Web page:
[dropcap style=”font-size: 60px; color: #DDCE8D;”] T [/dropcap]HE MOUTH of the Fitzroy River, between Tyrendarra and Portland, is a wonderful spot that is hard to find, so it is best to look for the shoes.
Some kind and obviously quirky people who live in the farmhouse right across from the turnoff to the river on the Princes Highway have very helpfully decorated their front fence with what looks like every pair of shoes they have ever worn.
Or maybe they found them on the roadside.
Either way, the shoes provide a handy visual marker for the gateway to what is a lovely, yet wild, camping spot for those who like to rough it a little…and bring their dogs.
The “shoe turnoff” is in fact Thompsons Rd which winds its way for a short distance to the coast and the river mouth.
The roughly 4km trip takes you through some lovely farmland dotted with abandoned buildings built by the early settlers in the area.
[dropcap style=”font-size: 60px; color: #DDCE8D;”] T [/dropcap]he first stop at the Fitzroy River campground area is the boat ramp where you can wander out on the wooden jetty and watch the river surging its way to the sea.
Drive a little further on to find the start of the campground area, which is essentially a patch of open grass with several trees for shelter.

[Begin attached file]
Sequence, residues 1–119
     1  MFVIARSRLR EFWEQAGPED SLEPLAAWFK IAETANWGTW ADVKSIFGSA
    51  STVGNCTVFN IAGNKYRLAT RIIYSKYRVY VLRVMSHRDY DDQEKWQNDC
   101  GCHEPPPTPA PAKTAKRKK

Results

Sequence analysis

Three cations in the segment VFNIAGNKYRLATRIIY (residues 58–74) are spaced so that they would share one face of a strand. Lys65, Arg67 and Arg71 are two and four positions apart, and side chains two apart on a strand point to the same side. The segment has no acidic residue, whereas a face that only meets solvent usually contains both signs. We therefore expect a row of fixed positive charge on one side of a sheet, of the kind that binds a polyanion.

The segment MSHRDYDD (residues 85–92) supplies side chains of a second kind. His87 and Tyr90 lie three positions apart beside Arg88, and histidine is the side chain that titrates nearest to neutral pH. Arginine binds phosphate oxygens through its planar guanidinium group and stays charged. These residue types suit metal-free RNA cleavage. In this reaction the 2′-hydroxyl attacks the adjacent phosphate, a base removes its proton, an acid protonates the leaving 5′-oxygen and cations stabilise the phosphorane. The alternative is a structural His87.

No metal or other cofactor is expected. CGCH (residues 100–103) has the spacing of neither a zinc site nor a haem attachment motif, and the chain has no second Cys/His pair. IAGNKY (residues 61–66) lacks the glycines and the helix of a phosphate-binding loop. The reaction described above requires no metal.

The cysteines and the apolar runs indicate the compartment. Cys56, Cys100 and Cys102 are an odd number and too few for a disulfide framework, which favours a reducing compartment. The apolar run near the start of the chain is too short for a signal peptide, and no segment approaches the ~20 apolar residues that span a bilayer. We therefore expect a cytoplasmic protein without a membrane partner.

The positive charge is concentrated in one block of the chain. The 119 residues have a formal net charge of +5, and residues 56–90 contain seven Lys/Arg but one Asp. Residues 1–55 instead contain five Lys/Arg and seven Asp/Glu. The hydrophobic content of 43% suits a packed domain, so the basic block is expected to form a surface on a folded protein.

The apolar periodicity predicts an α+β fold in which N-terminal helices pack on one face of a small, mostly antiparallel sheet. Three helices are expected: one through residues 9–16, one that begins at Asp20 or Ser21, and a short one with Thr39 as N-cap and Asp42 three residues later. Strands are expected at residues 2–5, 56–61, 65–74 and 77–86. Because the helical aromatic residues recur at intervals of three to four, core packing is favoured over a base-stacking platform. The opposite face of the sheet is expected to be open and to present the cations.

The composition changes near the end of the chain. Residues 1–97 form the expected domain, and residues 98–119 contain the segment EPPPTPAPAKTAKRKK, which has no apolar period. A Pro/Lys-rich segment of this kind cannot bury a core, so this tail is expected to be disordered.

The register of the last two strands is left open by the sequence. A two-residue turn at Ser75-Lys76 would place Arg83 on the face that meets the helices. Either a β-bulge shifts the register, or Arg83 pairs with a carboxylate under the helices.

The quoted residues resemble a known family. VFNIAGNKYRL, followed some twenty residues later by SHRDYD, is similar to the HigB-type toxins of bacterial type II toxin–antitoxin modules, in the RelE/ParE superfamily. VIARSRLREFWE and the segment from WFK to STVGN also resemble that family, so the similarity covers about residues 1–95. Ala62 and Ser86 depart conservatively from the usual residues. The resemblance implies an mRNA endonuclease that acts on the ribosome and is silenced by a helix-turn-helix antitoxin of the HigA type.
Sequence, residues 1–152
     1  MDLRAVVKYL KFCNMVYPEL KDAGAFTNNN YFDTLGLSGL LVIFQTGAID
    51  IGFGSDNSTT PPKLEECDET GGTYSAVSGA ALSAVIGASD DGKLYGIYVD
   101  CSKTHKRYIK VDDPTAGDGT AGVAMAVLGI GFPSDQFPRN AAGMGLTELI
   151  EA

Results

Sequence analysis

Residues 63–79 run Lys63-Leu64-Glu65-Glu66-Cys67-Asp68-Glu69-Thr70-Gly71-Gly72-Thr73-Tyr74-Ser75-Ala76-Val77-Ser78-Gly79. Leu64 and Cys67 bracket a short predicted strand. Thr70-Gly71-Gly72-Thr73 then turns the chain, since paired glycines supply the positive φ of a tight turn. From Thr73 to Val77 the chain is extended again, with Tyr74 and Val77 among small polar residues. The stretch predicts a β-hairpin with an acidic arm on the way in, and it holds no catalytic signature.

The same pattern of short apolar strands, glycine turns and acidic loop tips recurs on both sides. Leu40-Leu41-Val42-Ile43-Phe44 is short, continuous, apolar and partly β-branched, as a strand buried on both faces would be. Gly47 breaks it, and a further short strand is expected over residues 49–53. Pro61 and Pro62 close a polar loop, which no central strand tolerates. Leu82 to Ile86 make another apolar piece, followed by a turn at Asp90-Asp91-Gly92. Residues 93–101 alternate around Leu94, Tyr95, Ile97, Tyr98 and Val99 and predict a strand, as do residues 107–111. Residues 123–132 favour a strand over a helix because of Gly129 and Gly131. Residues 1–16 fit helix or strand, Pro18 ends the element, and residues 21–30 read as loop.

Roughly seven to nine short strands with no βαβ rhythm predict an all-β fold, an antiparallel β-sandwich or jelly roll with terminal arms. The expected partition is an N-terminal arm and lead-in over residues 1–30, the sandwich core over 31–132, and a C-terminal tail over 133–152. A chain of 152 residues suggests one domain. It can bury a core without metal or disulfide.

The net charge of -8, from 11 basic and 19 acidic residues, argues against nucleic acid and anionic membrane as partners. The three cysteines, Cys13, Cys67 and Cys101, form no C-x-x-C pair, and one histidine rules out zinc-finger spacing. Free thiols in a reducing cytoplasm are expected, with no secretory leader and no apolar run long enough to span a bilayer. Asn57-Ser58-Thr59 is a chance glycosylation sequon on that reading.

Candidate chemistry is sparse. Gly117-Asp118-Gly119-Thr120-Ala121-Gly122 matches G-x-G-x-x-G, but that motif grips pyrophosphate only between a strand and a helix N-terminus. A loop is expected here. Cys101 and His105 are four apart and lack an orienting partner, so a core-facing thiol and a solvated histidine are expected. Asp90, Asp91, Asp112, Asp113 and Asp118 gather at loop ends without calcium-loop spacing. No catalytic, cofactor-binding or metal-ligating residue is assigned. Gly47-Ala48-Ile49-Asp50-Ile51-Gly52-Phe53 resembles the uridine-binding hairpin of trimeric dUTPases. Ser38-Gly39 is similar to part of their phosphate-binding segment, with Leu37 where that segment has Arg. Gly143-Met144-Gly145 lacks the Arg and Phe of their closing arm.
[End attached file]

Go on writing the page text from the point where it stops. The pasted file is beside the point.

This area is quite protected from the southerly winds that can whip through the south-coast with ferocity (there are wind farms in this area for a reason!).
Another 200m along and you come to the riverbank where camping is also permitted, but there is less protection from the elements.
Part of the appeal of Fitzroy River is that it remains bush camping, with no power or facilities beyond a new, long-drop toilet block, and a basic picnic and barbecue area.
Camping is free, except for peak times, when an onsite caretaker will collect a small fee; so don’t expect a Big 4 – or the crowds that come with it.
Instead, in the off-season particularly, you will most likely have the place to yourself.
[dropcap style=”font-size: 60px; color: #DDCE8D;”] I [/dropcap]t is a wonderful area to explore, with a short walk along the estuary taking you right down to the foreshore of the wild ocean.
Information signs indicate that at least two tall ships came to grief in the area in the 1800s, including the Julia, the remains of which are apparently still visible as a dark patch in the surf, visible from the hilltop.
Dogs are welcome, but plovers nest in the area (it is a great spot for bird watching) so remember to bring a leash…